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-   -   newbi chip amp questions. (http://www.diyaudio.com/forums/chip-amps/215933-newbi-chip-amp-questions.html)

iggy18 10th July 2012 07:00 PM

newbi chip amp questions.
 
I have a few questions about the tripath amps. I would like to build one for use in a portable audio solution powered by a 12 volt SLA battey. I will have four speakers wired up at 8 ohms and the biggest speaker requires 70 watts rms.

my questions are...

have any of you built one of these tripath amps and then powered it with a 12 volt battery? could you recommend one to me for this particular setup?

25 watts would work but I would like 50-100 watts. the chips I've found so far have been at most 25. are there any high powered tripath amps out there that you would recommend. (still, compatable with a 12 volt SLA battery)

i would like to have tone and volume control. the tripath amps i found haven't had these. is there a seperated chip or thing I could build that would give me control of the bass, treble, and volume with knobs?

thank you in advance for your help :D

picowallspeaker 10th July 2012 07:29 PM

Quote:

i would like to have tone and volume control. the tripath amps i found haven't had these.
Oh boy ! I think I wouldn't ever post such a link ..
But here it goes :
2.1 TK2050X2 50W+50W+100W Class D Tone adjust amplifier board | eBay
If you read : the lower the voltage , the lesser the output power :o

iggy18 10th July 2012 08:22 PM

wow, that looks like what I need. i just have to figure out how to chance 12 volts into 28 volts. thanks for the link!

johnr66 10th July 2012 09:16 PM

For a bridge amplifier and 4 ohm load, the best you can get is around 12 watts before clipping. You would have to use two of your 8 ohm speakers in parallel per channel. To get a clean 25 watts, you need a Vs of around 16 volts. If you can use two 12v batteries in series for 24v (around 25.2) you can get ~33 watts into an 8 ohm load.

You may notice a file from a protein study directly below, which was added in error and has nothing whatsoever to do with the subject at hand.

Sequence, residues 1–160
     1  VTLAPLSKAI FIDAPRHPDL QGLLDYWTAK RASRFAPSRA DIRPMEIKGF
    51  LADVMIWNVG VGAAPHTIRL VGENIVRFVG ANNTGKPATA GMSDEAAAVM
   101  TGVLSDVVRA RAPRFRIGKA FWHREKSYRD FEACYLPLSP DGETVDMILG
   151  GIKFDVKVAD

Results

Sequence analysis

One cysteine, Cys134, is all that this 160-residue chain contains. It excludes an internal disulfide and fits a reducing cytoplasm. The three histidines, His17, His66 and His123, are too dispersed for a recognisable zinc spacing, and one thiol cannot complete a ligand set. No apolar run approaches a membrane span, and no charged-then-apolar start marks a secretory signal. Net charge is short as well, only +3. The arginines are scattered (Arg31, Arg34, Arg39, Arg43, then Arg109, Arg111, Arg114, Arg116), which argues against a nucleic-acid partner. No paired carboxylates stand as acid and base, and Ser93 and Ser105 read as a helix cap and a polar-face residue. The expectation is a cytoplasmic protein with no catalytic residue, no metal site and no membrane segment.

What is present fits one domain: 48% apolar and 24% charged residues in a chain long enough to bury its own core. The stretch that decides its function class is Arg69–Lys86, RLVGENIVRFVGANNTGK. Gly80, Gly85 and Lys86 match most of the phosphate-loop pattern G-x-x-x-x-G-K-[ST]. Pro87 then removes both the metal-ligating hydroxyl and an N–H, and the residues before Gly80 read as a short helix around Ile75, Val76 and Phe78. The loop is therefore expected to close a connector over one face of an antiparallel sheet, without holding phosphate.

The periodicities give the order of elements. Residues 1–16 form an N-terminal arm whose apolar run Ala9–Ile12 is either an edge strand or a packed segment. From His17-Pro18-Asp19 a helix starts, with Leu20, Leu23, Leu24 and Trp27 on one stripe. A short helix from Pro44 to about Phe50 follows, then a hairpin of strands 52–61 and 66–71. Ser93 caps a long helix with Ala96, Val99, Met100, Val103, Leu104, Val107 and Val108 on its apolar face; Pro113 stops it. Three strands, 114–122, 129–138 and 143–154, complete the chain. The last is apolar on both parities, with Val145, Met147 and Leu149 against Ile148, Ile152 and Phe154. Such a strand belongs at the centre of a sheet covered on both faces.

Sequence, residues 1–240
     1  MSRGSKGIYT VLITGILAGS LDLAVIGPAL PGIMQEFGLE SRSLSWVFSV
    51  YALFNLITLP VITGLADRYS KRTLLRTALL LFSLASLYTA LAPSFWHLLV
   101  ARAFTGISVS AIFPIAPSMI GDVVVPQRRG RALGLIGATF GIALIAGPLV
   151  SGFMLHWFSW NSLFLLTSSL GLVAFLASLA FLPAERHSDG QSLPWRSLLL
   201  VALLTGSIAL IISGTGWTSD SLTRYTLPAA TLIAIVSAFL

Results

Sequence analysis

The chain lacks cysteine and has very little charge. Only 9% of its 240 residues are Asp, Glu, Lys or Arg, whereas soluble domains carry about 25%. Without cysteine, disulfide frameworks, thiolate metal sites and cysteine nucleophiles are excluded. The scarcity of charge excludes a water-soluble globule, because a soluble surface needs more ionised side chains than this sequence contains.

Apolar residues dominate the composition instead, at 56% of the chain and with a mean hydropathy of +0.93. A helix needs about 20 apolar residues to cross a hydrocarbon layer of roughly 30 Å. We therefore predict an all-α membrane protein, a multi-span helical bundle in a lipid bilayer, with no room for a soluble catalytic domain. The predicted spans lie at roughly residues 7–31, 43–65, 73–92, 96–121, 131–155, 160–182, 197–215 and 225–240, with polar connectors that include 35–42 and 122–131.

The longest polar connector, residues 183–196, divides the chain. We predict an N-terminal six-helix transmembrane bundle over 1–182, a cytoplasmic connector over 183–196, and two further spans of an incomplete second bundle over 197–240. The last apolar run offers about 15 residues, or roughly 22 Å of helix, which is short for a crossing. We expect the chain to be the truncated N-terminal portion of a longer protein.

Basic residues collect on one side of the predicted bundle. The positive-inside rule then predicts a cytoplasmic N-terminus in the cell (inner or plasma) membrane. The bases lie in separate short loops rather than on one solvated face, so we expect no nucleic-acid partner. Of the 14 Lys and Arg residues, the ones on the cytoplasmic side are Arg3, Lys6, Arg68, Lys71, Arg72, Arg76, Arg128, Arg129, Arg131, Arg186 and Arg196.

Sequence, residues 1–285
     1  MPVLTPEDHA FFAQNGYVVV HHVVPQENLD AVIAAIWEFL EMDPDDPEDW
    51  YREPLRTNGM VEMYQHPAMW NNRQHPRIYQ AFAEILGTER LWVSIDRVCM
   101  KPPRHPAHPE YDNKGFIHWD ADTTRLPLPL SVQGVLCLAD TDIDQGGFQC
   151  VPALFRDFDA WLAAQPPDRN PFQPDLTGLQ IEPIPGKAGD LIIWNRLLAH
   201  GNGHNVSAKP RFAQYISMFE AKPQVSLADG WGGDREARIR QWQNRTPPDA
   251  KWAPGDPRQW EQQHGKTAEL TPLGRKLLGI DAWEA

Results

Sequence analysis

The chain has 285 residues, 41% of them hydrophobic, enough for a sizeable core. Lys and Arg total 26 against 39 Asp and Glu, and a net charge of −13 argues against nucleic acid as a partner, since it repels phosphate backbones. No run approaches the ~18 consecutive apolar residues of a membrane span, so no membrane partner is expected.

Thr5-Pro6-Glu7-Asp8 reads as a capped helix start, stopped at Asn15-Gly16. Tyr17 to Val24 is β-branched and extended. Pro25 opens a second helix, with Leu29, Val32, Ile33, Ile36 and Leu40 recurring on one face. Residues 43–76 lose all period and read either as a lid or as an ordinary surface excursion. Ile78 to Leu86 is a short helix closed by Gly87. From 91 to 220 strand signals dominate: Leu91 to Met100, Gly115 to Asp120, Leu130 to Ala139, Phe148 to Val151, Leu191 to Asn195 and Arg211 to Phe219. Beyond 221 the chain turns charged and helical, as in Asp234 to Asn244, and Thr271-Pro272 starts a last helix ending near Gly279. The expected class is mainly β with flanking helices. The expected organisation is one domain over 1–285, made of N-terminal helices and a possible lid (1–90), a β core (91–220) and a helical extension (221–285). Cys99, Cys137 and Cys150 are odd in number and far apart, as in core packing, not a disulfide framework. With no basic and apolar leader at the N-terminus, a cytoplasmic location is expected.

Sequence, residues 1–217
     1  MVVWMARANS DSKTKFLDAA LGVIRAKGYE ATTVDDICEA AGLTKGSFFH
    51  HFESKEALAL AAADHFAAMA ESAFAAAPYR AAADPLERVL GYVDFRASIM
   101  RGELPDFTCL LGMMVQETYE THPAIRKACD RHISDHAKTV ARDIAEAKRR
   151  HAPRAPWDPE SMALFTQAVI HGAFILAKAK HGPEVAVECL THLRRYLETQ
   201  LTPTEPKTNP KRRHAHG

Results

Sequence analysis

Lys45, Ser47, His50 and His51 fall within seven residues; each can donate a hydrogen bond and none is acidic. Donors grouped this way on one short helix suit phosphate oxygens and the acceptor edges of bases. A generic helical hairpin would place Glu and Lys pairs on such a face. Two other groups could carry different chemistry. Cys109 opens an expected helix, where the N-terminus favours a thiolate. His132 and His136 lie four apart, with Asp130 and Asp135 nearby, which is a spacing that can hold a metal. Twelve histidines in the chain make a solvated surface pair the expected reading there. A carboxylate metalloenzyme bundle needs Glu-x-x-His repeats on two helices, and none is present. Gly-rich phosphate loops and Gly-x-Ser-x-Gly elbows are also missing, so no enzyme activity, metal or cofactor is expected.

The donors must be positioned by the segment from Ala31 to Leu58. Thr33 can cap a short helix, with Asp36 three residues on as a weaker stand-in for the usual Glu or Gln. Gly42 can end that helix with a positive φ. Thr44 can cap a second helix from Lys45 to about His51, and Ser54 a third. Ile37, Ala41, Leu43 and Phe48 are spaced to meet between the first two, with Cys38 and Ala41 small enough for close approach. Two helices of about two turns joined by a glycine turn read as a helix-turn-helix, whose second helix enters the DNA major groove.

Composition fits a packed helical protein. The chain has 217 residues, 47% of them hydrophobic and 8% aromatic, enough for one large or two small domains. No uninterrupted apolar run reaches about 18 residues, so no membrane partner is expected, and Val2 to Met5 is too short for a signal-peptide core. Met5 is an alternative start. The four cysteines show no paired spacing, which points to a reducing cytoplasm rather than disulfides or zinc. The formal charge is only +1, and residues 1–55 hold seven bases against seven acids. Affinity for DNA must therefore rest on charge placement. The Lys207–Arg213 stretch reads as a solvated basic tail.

iggy18 11th July 2012 01:27 AM

so basically, these little amps aren't so awesome with a 12 volt battery aplications? is there some little box or coil that could turn 12 volts into more volts? like how a stun gun turns a 9 volt battery into 20,000 volts?

johnr66 11th July 2012 03:04 AM

Let's say we have a perfect amplifier of the bridged tied load type (perfect in that it can swing from rail to rail on the output into a 4 ohm load).
(Vsupply/sqrt2)^2/RL = max out put watts before clipping.
So, (12/1.41)^2/4 = 18 watts

In the real world the amplifier cannot swing to the rails, so the output power is something around 12 watts. To get more power, you could lower the impedance if the amplifier can handle the increased current or raise the supply voltage. I've also seen rail lifting charge pump designs used as well.

To make a long story short, it is not the limitation of the particular amplifier, it is a physical limitation due to the supply voltage. You can certainly use a 12v to 24v converter to boost the voltage.

Arty 11th July 2012 03:03 PM

http://www.datasheetcatalog.org/data...ps/TDA1562.pdf
thisone uses class H to get you smewhere near 60 watt output power from a 12v SLA battery.